West Texas-based artist Boyd Elder died on Saturday night. He was 74. His daughter posted on Facebook: “The rumors are swirling about our father is passing into the cosmos,” the post reads. “It breaks my heart to say it is true. He is stardust.” Marfa Public Radio made the announcement yesterday.
Elder was born in Valentine, Texas to a prominent family with deep West Texas roots. Soon after, his family moved to El Paso, where Elder developed an interest in painting. Elder was particularly enamored with painting and pinstriping dragsters, hot rods, and motorcycles.
Elder studied painting and sculpture in Los Angeles at the Chouinard Art Institute in California (which became CalArts), and would hang out at LA’s famed Troubadour club with musicians like David Crosby and Joni Mitchell. In 1972 he put on a one-man LA exhibit called El Chingadero where the band the Eagles played one of their first public shows. A few years later, Elder used a cow skull, paint, and feathers for a piece that became the album cover of The Eagles’ One of These Nights. He also created the cover for the Eagles’ Their Greatest Hits (1971-1975), which is reportedly the best-selling album of all time.
Elder actively made art until the end, working in his barn in Valentine. In 2016 he displayed works at Bale Creek Allen Gallery in Austin from his American Fetish series. Elder was recently profiled in Texas Monthly.
A deep loss for West Texas and beyond. Boyd Elder was also the official caretaker and site representative for Prada Marfa. Rest In Peace.
ALL MY FRIENDS ARE GONNA BE STRANGERS
Boyd played an instrumental song on guitar in the 1970’s called, “Armchair Traveller.” He played it in my garage apartment in Denton and locked me in to that three chord change for decades, Am, G, F.
He and a few other cowboys were escorting Joni Mitchell on her “Miles of Aisles” tour. I was hanging out with them at the Fairmount Hotel in Dallas before the concert and asked Boyd if he wanted to meet up after the show. He said, , “No. I’ve got a date with Joni.” “Sure,” I thought.
The “Miles for Aisles” tour rented three pianos from Sound Productions, one in Mitchell’s hotel room, one backstage in her dressing room, and a Steinway Grand onstage at the Dallas Convention Center. I worked for Sound Productions and delivered the pianos.
After the concert, retrieving the piano in her dressing room, Joni came strolling in, all smiles, wearing a sequined jacket with, “Boogie,” on the back, and Boyd Elder on her arm, toting a case of Heineken beer. Off they went into the night.
From L.A. to Dallas and back, I sometimes stopped in Valentine. Before Boyd even said hello he would always ask, “You got any drugs?” One of those stops, he showed me a steer skull hanging on a fence, being “cleaned” by maggots. As I recall, he told me he met Joni Mitchell in art school.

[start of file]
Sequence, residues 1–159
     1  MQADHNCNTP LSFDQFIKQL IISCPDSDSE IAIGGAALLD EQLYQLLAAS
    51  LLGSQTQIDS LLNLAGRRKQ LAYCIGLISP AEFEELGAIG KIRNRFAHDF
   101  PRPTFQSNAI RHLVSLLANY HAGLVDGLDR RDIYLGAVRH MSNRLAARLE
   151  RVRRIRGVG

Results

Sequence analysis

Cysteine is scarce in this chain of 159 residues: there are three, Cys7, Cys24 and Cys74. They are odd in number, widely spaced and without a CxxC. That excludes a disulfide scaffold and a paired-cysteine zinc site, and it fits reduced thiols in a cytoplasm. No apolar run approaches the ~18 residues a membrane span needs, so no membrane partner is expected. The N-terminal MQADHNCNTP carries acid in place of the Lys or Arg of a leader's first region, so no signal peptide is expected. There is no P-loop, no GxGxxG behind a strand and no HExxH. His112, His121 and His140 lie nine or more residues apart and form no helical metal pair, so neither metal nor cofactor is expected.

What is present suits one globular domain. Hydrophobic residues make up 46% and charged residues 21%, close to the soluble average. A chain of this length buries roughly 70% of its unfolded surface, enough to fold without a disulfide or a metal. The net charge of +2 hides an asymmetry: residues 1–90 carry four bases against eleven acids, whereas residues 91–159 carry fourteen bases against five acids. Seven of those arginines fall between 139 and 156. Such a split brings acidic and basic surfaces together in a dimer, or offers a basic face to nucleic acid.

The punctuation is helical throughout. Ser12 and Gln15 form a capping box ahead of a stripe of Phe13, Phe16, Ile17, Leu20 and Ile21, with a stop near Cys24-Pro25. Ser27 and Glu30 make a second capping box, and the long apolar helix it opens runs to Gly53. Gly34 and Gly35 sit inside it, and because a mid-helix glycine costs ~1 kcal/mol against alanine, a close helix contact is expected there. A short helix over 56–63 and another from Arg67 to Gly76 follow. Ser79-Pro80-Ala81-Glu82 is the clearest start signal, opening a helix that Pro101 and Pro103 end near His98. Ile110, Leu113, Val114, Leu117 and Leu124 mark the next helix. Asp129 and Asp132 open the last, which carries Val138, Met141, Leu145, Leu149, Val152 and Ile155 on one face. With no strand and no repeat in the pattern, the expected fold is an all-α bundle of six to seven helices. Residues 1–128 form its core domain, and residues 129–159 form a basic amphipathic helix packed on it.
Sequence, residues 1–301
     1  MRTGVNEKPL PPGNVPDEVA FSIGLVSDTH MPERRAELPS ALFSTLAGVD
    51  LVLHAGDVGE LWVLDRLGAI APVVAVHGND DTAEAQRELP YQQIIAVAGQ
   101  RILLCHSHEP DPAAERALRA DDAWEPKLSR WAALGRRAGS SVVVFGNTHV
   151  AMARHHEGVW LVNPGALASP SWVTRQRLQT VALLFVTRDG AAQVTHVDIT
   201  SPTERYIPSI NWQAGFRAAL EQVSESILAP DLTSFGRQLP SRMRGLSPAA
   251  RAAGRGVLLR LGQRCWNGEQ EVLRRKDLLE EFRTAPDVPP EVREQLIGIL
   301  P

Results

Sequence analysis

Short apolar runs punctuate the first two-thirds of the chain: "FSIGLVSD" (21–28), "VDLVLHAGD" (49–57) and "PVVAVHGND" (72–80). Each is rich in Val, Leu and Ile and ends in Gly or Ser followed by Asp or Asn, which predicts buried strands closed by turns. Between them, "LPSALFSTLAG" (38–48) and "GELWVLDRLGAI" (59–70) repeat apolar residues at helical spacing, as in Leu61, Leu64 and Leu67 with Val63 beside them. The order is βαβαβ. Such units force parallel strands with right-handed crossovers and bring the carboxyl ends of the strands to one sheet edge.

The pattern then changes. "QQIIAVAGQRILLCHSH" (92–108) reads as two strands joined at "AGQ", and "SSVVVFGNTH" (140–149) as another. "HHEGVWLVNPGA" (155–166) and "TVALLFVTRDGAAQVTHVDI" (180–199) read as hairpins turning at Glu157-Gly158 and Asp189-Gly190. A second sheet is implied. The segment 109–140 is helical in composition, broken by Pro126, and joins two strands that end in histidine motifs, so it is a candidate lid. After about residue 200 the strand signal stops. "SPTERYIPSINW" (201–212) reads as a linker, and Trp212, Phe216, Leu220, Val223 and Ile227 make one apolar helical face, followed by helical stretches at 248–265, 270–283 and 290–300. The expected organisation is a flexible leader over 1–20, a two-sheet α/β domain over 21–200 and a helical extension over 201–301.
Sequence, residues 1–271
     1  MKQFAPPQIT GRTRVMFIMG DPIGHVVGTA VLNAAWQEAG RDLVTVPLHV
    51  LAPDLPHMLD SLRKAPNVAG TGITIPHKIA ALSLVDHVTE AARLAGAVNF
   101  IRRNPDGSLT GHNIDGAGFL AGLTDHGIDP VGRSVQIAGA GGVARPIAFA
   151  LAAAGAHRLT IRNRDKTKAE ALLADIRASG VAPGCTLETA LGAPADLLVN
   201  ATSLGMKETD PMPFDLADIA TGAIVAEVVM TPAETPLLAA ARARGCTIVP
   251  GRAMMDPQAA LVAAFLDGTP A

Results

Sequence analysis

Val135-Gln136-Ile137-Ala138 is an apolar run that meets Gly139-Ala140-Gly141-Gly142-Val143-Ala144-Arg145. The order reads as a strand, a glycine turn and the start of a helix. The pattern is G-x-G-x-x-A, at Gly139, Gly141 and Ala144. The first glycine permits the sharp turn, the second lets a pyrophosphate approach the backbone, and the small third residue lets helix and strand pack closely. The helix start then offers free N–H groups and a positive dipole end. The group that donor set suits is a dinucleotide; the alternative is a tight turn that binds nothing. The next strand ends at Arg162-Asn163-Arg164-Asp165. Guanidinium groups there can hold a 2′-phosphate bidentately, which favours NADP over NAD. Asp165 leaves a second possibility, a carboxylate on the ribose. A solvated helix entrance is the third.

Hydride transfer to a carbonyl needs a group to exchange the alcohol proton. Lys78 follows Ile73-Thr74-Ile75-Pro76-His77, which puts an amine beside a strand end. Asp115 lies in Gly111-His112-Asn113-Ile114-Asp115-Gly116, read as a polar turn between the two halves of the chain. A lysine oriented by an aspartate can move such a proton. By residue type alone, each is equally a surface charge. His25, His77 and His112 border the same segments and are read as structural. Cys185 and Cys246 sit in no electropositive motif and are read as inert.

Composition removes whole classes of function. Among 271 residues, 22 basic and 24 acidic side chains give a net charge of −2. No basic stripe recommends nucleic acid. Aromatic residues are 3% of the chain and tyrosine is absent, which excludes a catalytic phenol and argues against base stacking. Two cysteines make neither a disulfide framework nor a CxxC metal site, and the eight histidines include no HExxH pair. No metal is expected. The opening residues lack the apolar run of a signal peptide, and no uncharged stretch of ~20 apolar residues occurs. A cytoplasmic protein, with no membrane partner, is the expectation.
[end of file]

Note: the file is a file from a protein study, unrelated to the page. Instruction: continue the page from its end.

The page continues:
Around 2,000, Boyd’s series of large paintings on aluminum canvases premiered in Dallas at the Red Jacket on Greenville Avenue. I photographed the show. The gallery lighting of those canvases was critical, experimented with, tweaked.
Adios to a one-of-a-kind stranger with a heart for art.
She’s not Boyd Elder.
She’s not from Texas.
She’s Phyllis Kind;
and one hell of a kick-ass
Broad who did great things
for art and for her artists.
PS: who is getting Elder’s art barn?
No idea where ‘Valentine’ Texas is-
no idea if my curmudgeon of a car
could get there- but it sure sounds
like a cool place to make some art!
Met you, brother, in LA in 1990. You were part of a show at John Pochna’s Zero-One gallery on Melrose at La Brea.
Think we drank a lot of beer and talked a lot of art.
Tomorrow I’m headed to your friend’ J’s hse. I know she has some of your work cause I saw it there.
Be well and kiss the stars for me.
So sorry we lost a good artist. ….RIP, Boyd
My thanks for always being unconditionally kind and interested in me. I’ll always remember you storming into Hugos one evening and saying in your low loud voice, “so I understand you’re my sister!!“ I hope to see you again Somewhere!
Can’t believe I just now found out Boyd passed in 2018. What a memorable man! Our paths crossed many, many times in the 80’s, due to mutual friends. I will never forget having lunch at the West Beach Cafe in Venice with Boyd, Joni, and John L. I was shocked cause sitting right next to me was Joni Mitchell, CHAIN-SMOKING!! Everybody smoked in those days, but I can’t forget thinking, This woman has one of the most beautiful voices on earth! OMG! I was in a hotel room in Telluride when I saw his 60 minutes come on air. I immediately called him, and said, ‘BOYD! you are on national TV!!” He laughed, and said, I KNOW.
Boyd was wild, he was an original. Artist in the truest sense of the word. LA was a blast in those days, and Boyd was right in the thick of it.
RIP my old friend, will never forget you. Love, Julie
You didn’t say good-bye!
Rest In Peace…you character!